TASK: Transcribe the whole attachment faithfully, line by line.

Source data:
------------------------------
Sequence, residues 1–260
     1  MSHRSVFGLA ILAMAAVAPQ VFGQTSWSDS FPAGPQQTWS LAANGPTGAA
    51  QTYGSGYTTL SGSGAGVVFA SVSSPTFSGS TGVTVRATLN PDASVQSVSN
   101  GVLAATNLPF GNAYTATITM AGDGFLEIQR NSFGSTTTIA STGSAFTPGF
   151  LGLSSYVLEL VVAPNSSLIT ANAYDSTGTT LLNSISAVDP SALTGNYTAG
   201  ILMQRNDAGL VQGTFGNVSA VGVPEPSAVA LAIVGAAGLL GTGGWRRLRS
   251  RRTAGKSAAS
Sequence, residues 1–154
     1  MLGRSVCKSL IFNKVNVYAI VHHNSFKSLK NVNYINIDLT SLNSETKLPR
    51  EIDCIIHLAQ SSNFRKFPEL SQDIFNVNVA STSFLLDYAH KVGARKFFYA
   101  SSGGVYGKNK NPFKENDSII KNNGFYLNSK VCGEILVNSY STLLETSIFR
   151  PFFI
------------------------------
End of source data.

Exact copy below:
Sequence, residues 1–260
     1  MSHRSVFGLA ILAMAAVAPQ VFGQTSWSDS FPAGPQQTWS LAANGPTGAA
    51  QTYGSGYTTL SGSGAGVVFA SVSSPTFSGS TGVTVRATLN PDASVQSVSN
   101  GVLAATNLPF GNAYTATITM AGDGFLEIQR NSFGSTTTIA STGSAFTPGF
   151  LGLSSYVLEL VVAPNSSLIT ANAYDSTGTT LLNSISAVDP SALTGNYTAG
   201  ILMQRNDAGL VQGTFGNVSA VGVPEPSAVA LAIVGAAGLL GTGGWRRLRS
   251  RRTAGKSAAS
Sequence, residues 1–154
     1  MLGRSVCKSL IFNKVNVYAI VHHNSFKSLK NVNYINIDLT SLNSETKLPR
    51  EIDCIIHLAQ SSNFRKFPEL SQDIFNVNVA STSFLLDYAH KVGARKFFYA
   101  SSGGVYGKNK NPFKENDSII KNNGFYLNSK VCGEILVNSY STLLETSIFR
   151  PFFI